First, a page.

August 15, 2006
Women Earn, Charge Less, in Wage Gap: Study
By Ellen Wulfhorst
NEW YORK -- Women in America earn less than men, a disparity that provokes plenty of discussion and debate. But a new study found that women themselves may be partly responsible for the pay gap.
Women professionals tend to charge less than men for the same work out of concern for relationships with clients, according to the study to be released this week at the annual meeting of the Academy of Management.
Analyzing the pricing patterns of 536 veterinarians, the study found female vets charged needier clients less than more affluent clients, while male vets set their prices regardless of a client's situation.
About one third of the vets were women.
The women vets adjusted their prices because they cared more about their relationships with their customers than did the men, the study said.
"Women view their pricing of a particular service as just one instance in a relationship where there will be many other services and many other pricing opportunities, as opposed to 'I need to make X profit on this transaction here,"' said Mary Gilly, a marketing professor at the University of California, Irvine, and a co-author of the study.
The vets were asked to respond to a hypothetical scenario involving a 12-year-old dog with advanced kidney failure. The vets could offer treatment options to the hypothetical client, described either as a "young professional" or an "elderly widow." The female vets tended to charge the widow less.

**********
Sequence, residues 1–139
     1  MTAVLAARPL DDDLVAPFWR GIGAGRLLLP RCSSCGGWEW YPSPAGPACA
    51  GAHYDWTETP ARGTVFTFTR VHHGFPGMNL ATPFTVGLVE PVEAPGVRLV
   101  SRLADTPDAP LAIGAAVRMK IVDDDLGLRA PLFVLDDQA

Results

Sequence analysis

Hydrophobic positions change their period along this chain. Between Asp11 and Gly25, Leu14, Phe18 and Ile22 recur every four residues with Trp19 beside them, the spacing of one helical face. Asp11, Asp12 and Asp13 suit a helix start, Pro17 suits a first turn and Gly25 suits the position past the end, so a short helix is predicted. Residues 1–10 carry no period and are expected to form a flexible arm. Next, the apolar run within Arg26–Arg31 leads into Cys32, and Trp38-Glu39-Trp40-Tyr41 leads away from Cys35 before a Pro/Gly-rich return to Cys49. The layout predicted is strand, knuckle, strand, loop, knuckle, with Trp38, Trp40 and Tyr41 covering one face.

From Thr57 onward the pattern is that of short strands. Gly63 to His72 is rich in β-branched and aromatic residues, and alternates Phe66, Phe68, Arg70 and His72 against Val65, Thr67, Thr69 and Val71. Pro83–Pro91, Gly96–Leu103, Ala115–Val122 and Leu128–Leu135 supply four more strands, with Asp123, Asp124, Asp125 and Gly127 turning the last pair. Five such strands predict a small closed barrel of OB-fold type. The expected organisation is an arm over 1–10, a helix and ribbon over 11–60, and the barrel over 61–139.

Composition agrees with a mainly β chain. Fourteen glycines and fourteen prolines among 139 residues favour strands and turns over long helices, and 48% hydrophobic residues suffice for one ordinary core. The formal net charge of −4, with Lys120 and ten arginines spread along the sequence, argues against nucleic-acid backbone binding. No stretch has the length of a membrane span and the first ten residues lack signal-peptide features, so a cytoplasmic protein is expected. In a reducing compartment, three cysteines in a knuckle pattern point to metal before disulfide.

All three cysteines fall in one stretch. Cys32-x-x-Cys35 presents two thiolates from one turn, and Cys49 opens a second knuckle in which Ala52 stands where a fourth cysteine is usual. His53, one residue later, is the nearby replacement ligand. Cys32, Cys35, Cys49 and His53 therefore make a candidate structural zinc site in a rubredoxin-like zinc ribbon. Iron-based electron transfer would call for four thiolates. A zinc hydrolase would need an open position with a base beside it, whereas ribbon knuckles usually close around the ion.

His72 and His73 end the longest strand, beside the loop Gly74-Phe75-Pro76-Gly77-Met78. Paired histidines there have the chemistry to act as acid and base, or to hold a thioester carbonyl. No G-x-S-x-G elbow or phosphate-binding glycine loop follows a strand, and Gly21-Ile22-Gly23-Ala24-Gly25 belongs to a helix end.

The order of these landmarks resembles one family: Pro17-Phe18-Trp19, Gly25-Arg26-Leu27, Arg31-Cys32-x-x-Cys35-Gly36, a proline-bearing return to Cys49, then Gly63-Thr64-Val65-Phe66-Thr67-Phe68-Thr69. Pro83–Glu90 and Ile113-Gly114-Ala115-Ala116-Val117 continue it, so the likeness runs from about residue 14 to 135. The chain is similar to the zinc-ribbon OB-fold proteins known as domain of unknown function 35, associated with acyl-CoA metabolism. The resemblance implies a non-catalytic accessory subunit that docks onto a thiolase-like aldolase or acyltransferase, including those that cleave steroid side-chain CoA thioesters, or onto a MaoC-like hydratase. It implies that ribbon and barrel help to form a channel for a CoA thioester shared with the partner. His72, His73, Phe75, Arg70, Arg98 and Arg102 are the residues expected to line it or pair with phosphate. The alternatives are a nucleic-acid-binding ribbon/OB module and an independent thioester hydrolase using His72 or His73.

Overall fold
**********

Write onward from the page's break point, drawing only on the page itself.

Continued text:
In larger veterinary practices, however, women vets charged higher prices, as they took into consideration the needs of their co-workers as well, the study said.
"Women ... take into consideration their customers, and they take into consideration their associates," Gilly said.
"For women, their relationships with customers matter, their relationships with people they work with matter, and it doesn't seem to matter for men," she said. "Men just price the same, regardless."
Separate research in 2003 found female mortgage lenders made $575 less per loan than their male counterparts. That study suggested women brokers were more concerned about establishing good relationships and being nice than men.
According to U.S. government statistics, overall, working women earn roughly 80 cents for every dollar a man makes.
The Academy of Management, a research and teaching organization, has nearly 17,000 members worldwide. The study will be presented at it's annual meeting on Wednesday.